When Maxine and Bryce Luchterhand saw photos of two young Ukrainian boys standing beside armored tanks in what used to be their hometown playground, the Wisconsin couple knew they had to do something to help.
“It was a feeling like they could be hit [by bombs] at any time,” Maxine says, remembering the moment they decided to serve as sponsors to the boys and their parents, Olesia and Mykola Hnatiuk. “We have grandchildren the same age.”
That moment opens “One Good Reason,” a 25-minute documentary about how the Hnatiuks fled war-torn Lviv, Ukraine, and found safety and compassion with the Luchterhands 4,800 miles away in Unity, Wisconsin, population 384.
The film, which premiered June 7 at the Tribeca Festival, spotlights how an online platform called Welcome Connect empowers displaced persons seeking refuge in the U.S. to safely find it. They can message potential sponsors back and forth in their native language, build relationships, and make informed decisions about their future.
Created by the nonprofit organization Welcome.US in partnership with Goldman Sachs and ServiceNow, the system was designed and built on the Now Platform in just six weeks to meet the immediate needs of connecting thousands of Ukrainians forced to flee with Americans, sometimes complete strangers, willing to be the bridge to their safety.
To date, nearly 850 sponsorship connections have been made, benefiting more than 2,000 Ukrainians.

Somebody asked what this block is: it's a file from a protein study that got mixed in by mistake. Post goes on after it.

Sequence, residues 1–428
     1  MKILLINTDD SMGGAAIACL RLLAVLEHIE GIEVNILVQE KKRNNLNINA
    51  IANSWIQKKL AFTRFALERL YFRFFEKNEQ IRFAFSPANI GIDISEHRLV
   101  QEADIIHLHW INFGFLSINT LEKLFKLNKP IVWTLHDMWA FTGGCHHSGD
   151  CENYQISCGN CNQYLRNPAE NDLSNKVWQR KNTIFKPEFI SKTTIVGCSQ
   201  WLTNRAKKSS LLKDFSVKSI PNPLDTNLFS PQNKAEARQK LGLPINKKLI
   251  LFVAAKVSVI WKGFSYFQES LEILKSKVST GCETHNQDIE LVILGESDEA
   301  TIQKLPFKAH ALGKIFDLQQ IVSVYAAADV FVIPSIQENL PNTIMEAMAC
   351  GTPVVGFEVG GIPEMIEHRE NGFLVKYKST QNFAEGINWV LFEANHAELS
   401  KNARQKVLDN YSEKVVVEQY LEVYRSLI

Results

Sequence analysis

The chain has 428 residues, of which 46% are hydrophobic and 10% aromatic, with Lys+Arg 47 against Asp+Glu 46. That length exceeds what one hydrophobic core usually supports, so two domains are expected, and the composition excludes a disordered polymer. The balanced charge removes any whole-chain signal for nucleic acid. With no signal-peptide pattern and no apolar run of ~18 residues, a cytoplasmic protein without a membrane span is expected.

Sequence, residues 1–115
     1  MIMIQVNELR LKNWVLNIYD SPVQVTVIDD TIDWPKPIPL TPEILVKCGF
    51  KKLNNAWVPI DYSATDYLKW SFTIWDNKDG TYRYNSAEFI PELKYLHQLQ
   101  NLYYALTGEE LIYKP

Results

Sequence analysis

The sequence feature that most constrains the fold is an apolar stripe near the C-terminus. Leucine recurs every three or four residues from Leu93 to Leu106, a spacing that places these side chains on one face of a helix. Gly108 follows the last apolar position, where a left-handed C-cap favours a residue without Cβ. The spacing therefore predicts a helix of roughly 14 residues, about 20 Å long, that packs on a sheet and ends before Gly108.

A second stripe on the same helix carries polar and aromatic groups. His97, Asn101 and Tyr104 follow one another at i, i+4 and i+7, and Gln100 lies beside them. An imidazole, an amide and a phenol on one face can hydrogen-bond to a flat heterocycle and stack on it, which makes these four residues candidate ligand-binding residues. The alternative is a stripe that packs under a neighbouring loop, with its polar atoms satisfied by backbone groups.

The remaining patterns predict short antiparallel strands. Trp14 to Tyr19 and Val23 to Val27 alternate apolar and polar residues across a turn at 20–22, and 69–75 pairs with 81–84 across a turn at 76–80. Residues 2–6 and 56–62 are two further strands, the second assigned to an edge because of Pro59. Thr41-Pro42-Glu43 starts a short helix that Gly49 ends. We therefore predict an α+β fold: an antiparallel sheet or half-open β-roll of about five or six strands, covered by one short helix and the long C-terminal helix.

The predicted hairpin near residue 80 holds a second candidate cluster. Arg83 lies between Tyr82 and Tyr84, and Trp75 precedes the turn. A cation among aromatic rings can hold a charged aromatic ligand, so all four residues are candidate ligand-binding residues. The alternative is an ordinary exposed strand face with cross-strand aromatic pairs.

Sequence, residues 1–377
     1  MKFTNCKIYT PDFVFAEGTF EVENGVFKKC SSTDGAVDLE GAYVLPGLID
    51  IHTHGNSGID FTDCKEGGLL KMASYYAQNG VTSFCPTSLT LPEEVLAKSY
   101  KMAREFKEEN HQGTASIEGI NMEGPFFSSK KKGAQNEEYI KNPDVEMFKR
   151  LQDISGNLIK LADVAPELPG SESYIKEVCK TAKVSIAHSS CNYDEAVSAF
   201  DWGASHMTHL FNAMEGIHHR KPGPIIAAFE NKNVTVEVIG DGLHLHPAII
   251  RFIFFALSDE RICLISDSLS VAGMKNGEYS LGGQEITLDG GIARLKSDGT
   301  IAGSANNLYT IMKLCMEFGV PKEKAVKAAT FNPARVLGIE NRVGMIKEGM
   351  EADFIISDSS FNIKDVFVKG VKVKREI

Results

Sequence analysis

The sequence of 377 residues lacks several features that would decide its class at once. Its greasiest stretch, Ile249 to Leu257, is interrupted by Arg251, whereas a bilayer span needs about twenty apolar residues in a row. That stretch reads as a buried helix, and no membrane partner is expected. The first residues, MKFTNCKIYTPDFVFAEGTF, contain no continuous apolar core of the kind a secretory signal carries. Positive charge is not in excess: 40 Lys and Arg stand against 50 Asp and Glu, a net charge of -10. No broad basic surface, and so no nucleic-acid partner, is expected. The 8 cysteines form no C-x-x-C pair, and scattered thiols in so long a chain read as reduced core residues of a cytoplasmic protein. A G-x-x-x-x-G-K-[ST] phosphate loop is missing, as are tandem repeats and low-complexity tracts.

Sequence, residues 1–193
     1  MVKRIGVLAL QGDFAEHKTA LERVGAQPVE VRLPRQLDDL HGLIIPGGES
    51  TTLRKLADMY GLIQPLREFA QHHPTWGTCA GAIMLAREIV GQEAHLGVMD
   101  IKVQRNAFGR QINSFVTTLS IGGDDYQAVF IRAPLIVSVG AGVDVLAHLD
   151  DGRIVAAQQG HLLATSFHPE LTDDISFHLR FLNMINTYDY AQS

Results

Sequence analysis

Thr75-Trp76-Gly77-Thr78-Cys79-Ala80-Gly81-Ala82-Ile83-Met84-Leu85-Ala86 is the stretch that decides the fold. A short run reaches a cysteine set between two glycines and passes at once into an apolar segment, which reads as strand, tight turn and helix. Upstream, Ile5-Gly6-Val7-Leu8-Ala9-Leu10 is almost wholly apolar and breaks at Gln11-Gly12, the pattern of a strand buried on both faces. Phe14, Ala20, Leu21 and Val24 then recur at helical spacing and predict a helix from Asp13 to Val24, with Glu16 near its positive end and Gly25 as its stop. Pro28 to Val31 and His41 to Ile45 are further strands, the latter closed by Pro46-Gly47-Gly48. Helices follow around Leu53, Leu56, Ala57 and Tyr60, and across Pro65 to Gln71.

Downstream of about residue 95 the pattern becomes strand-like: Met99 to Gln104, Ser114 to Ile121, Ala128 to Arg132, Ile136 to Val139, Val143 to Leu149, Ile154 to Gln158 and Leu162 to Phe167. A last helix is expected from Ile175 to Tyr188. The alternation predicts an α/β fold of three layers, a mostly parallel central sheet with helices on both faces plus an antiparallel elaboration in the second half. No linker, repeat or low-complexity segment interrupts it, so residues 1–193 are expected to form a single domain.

“One of the things I love most about the Welcome Connect platform is that it’s led by refugee choice,” says Nazanin Ash, CEO of Welcome.US. “Is this the family you want to be connected with? Is this the community you want to go to? Are these folks the ones that are going to provide you what you want?”
Initially, the Hnatiuks weren’t sure about leaving Ukraine. But when Mykola’s brother, who had volunteered to fight with the Ukrainian Army, was declared missing in action, they registered on Welcome Connect. Soon they found the Luchterhands, who were offering refuge on the rural farm where generations of their family have lived for 121 years.
The documentary contrasts the sound of air raid sirens and bombs in Ukraine with the calls of wildlife in the snow-laden forests around Unity.
“Your home should be your fortress—comfortable, quiet, safe. That’s what home should feel like,” says Olesia as she reflects on her new life. “In Ukraine, we lost that feeling. And here, we have found it again.”
She and her family aren’t the only ones who’ve benefited from their journey to the U.S. “All of these experiences are two-way streets. We gain so much,” Bryce says as the film draws to a close on the new circle of friends celebrating with homemade borscht.
“You can think of a hundred reasons not to do something, but there’s usually one good reason to do it. So, here we are.”
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